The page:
Bob Davidson's father, Joe "Pops" Davidson, has died. After selling the estate, Bob goes on the road, but he has a passenger along - Joe's ashes, sitting in an urn in Bob's camper, riding in the bed of his old Chevy pickup. Joe's last wishes were for Bob to spread his ashes on top of the Grand Teton in Wyoming - a request Bob's not sure he can accomplish.
Travel with Bob as he drives across the great American Southwest, visiting stunning national parks, flying over Mono Lake in an ultralight aircraft, and even knocking on the back gate of Area 51. The whole time Bob's thinking of Joe, yet delaying his father's remarkable final request. But then, Bob finally meets up with his destiny in the mountains near Jackson.
Would you listen to On the Road with Joe again? Why?
First, the narrator, Richard Henzel, is the best. You can't get better. And the story is superb - a journey into a man's difficult relationship with his now-passed dad and his impossible request to spread his ashes from the Grand Teton. The journey takes us into snippits of his past with his difficult father while traveling, trying to reconcile his own failures in life with his dad's influences. The story has that authenticity that comes from truth, as well as components of the hero's journey into peace with past and present. It's hard to describe, but this writer has a way with description that takes you right there into the landscape and his life. Well done and highly recommend. Yes, I will listen again.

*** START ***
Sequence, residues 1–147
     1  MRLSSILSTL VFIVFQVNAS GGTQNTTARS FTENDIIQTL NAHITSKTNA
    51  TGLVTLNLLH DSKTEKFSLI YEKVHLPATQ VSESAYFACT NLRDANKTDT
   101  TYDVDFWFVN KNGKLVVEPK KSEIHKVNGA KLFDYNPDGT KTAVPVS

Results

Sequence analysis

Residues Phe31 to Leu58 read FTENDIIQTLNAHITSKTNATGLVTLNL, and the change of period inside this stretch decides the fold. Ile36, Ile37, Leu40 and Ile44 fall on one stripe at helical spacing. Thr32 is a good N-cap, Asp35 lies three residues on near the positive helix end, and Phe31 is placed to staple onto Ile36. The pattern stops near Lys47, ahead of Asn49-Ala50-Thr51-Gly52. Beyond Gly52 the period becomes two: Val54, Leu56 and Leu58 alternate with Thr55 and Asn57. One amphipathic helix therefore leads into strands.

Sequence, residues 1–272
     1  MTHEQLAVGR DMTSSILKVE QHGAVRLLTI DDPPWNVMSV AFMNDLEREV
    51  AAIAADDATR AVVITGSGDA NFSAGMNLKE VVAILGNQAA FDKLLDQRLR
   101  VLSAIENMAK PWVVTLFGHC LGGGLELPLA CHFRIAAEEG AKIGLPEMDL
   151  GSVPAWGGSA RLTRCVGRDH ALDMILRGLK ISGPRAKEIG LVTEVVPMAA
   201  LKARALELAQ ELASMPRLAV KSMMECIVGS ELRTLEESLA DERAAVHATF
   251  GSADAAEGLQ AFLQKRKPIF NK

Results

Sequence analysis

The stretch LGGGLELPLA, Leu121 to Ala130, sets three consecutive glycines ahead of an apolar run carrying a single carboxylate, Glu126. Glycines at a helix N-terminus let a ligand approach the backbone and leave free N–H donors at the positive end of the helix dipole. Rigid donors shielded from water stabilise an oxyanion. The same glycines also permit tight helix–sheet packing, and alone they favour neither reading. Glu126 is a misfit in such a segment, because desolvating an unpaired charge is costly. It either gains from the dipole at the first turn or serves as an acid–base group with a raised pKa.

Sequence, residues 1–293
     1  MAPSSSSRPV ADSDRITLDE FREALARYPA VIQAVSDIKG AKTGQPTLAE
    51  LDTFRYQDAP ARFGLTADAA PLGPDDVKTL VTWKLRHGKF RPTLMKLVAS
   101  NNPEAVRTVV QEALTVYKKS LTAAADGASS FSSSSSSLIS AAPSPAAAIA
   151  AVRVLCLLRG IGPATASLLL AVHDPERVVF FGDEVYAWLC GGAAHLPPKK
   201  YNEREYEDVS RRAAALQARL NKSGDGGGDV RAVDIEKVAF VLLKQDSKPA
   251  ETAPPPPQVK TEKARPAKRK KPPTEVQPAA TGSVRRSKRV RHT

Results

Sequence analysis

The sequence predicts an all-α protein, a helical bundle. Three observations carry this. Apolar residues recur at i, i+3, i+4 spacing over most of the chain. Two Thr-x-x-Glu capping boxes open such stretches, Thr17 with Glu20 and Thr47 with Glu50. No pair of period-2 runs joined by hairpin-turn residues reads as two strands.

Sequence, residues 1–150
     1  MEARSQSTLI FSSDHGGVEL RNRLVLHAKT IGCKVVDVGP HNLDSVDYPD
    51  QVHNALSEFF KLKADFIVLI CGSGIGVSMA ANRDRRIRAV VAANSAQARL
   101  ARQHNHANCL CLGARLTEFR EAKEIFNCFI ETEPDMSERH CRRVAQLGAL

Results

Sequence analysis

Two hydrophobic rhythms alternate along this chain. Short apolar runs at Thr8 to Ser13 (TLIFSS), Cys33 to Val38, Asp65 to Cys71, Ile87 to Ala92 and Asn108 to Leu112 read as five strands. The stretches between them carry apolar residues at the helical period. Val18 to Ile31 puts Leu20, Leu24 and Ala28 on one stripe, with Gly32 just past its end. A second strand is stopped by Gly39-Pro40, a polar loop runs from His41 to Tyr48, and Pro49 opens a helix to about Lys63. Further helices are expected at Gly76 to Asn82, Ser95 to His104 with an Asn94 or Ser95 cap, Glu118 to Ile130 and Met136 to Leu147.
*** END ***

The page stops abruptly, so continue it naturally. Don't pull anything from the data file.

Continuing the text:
What did you like best about this story?
It was like climbing and exploring yourself, it was that vivid. I almost feel like I've been to Colorado's San Juan Mountains and Mono Lake and all the other stunning places the book takes you to.
Have you listened to any of Richard Henzel’s other performances before? How does this one compare?
Yes, and this is as good as ever. He's a master actor.
Was there a moment in the book that particularly moved you?
Many moments. The one where he's returning to the San Juans after his dad dies and remembering going there with him is great, awesome description. The book's not at all maudlin, but actually the opposite. He had a tough relationship with his dad, so the sublime moments in the landscape and his travels are sprinkled with the opposite hard times with his dad.
Any additional comments?
Really good writing and narration.